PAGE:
In the words of Vandana Shiva:
Simply stated, when each plant in your field is growing and depending on others around it, and providing to others the conditions for their growth, then the freedom of each life form depends on insuring the freedom of others. (Shiva, 1997)

Sunday, March 30, 2008

Sunday morning services

The morning light

I left organized religion many years ago. Yet this Sunday morning I find myself standing in a most beautiful cathedral listening to an awe-inspiring choir – a cathedral without walls, a cathedral without a preacher.

No stained glass windows for me – I have the colours of nature to inspire me. The fresh green shoots of grass, the bright yellow of the skunk cabbage, the steel grey of the cascading water in the stream, the periwinkle blue of the sky where the clouds part to reveal its splendor. The daffodils and japonica in my yard are in bloom, and I find a late crocus poking its lavender head through the winter grasses. Ladybugs are everywhere, their tiny dots of red and black covering my bushes and windows like little drops of life-giving blood.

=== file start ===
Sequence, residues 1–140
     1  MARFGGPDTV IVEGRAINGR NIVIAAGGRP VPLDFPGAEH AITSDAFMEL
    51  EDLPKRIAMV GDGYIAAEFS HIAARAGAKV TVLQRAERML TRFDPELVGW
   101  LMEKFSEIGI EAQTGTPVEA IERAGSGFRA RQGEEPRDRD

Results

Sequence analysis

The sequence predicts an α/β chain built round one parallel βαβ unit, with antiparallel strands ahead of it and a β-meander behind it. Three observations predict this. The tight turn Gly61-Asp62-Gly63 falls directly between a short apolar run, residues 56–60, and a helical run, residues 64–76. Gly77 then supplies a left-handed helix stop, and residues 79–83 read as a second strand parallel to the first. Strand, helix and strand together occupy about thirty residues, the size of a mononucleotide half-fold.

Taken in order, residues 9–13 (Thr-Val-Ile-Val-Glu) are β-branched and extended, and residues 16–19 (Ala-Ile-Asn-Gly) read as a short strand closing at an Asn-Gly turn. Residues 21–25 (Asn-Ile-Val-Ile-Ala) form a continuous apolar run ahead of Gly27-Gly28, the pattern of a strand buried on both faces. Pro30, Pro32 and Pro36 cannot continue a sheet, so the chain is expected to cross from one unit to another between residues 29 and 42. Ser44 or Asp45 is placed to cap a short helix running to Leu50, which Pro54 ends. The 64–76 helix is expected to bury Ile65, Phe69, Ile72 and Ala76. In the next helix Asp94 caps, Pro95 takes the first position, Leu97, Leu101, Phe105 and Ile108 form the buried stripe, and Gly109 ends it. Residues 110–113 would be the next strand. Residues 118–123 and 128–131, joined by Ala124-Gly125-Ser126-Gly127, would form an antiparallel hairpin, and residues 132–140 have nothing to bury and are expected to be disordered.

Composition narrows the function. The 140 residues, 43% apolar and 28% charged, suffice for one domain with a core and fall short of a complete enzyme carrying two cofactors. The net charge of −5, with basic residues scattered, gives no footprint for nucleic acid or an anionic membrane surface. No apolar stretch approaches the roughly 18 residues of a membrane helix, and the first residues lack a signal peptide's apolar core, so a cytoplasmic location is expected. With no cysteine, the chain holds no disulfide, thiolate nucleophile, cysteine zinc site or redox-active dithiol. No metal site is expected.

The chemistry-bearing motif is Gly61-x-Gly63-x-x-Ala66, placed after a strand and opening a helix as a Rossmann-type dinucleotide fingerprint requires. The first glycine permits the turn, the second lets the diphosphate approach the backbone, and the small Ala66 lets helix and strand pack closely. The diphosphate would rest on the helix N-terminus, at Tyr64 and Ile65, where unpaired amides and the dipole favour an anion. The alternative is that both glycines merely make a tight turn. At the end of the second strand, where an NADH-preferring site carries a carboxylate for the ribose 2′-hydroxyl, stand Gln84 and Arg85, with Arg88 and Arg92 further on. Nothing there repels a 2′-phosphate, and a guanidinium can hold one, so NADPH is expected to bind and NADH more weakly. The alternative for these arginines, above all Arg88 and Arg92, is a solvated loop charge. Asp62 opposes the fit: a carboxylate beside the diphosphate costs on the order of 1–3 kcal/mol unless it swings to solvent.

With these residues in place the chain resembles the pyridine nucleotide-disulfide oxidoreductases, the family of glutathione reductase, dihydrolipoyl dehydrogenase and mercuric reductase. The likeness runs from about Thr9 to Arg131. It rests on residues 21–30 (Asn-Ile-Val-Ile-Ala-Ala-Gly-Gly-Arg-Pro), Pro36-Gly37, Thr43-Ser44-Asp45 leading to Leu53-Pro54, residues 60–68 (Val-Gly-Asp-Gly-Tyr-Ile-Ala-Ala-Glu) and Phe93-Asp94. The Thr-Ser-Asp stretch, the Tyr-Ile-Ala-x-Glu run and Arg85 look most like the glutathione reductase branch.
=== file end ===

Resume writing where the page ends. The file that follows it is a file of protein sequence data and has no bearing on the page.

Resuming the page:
In the distance I hear the familiar woodeling and ki-yi-ing from the dogs of a neighbouring animal sanctuary as they greet a visitor or go for their morning run. And I hear the birds, an amazing array of birds – Northern flickers and sparrows, robins and Steller’s jays and European starlings, mallards and Bewick’s wrens and the tiny black-capped chickadees.

Close by I hear a sound I have only heard once or twice, the loud resonant drumming of a pileated woodpecker. They are large, colourful birds, the ones the famous Woody Woodpecker was modeled after. We seldom see them here – they are a shy bird who quickly moves away when humans intrude. This morning, I am richly blessed with the sight of the bird in a nearby tree and quickly snap a photo before he moves farther afield. I step closer to marvel at the depth of the hole he has drilled in the soft damp trunk.